Only 45 years old when his life was cut short on New Year’s Eve 1985, Rick Nelson was on the verge of a potential comeback with his first record for Curb Records, a rockin’ return to his rockabilly roots that remains inexplicably unreleased to this day.
To measure the impact of Nelson’s popularity during the dawn of rock and roll, he was second only to Elvis Presley, notching an astonishing 32 Top 40 Billboard singles between 1957 and 1963.
A quietly disarming actor on the Adventures of Ozzie and Harriet, Nelson mirrored his idol, Carl Perkins, on many rockabilly rave-ups such as “Believe What You Say”, “Just a Little Too Much,” and “It’s Late”, all featuring the fine chicken pickin’ of guitarist James Burton.
He soon transitioned into pop ballads that effectively enhanced his smooth, every-man vocals, winning the hearts of many teenage girls along the way on popular numbers including “Travelin’ Man”, “Young World”, “It’s Up to You”, and “Fools Rush In.”
Although the Beatles and the British Invasion knocked the “Hello Mary Lou” balladeer off the charts for awhile, he rebounded with several critically-acclaimed country rock albums featuring the Stone Canyon Band.
Rick Nelson in Concert at the Troubadour , Rick Sings Nelson, Rudy the Fifth, Garden Party, and Windfall are prime examples. Of course, the “Garden Party” single became a runaway best-seller in 1972, cementing Nelson’s status as the comeback kid who refused to compromise his artistic integrity.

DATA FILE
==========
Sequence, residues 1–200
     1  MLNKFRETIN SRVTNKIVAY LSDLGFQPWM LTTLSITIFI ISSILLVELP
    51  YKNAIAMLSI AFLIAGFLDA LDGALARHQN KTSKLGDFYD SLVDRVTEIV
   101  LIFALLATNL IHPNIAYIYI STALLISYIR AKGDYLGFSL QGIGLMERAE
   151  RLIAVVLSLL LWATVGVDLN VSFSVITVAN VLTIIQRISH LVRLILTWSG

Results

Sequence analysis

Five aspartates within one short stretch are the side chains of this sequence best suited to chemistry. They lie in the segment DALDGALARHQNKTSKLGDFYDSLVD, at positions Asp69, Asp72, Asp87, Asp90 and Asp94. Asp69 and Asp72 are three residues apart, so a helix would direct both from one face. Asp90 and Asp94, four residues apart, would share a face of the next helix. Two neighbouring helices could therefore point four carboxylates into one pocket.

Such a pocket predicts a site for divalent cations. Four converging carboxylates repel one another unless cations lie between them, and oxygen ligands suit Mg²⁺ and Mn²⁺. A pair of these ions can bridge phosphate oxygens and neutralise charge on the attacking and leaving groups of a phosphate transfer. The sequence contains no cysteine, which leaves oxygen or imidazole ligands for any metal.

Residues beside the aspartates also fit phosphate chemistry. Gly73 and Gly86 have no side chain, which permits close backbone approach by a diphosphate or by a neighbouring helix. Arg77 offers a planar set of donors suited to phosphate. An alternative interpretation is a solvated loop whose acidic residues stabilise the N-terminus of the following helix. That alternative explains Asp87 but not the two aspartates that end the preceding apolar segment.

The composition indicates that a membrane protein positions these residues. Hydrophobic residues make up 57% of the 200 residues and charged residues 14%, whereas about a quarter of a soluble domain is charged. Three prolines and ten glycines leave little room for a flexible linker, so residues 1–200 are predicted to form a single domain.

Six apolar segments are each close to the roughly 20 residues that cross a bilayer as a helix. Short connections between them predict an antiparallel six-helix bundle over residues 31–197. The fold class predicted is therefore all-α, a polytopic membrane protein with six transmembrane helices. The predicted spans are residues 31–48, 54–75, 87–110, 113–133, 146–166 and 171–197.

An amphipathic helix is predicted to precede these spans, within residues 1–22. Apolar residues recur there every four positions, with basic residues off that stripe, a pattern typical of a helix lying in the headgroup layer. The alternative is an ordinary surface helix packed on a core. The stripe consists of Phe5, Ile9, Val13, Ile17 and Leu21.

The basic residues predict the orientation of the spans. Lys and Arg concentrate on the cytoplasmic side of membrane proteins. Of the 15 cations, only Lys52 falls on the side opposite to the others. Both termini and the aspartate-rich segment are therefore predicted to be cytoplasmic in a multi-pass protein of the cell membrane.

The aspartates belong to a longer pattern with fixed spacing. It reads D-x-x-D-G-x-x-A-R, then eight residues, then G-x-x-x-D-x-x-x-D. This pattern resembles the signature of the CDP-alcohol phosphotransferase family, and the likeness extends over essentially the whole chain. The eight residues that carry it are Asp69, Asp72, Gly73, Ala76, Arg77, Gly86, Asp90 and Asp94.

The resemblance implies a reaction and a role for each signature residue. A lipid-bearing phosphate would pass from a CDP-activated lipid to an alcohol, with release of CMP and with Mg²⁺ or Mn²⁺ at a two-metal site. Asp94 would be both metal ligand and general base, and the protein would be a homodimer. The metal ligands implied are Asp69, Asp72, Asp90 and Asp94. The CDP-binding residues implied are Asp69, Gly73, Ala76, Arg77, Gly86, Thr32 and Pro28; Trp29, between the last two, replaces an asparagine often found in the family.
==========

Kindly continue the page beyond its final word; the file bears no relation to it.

But one aspect of Nelson’s legacy that is rarely explored or given proper credit is his songwriting. And if it is, his only claim to fame is the autobiographical “Garden Party.” While never a prolific wordsmith, the artist reached his critical zenith during the early ’70s, ultimately penning approximately 44 compositions that were released on various records through 1981’s Playing to Win.
Fortunately, in the second installment of a revealing interview (“‘Rick Nelson: Rock ‘N’ Roll Pioneer:’ In Step With Biographer Sheree Homer” was the first), Nelson’s biographer Sheree Homer takes on the mighty task of addressing Nelson’s burgeoning songwriting in vivid detail.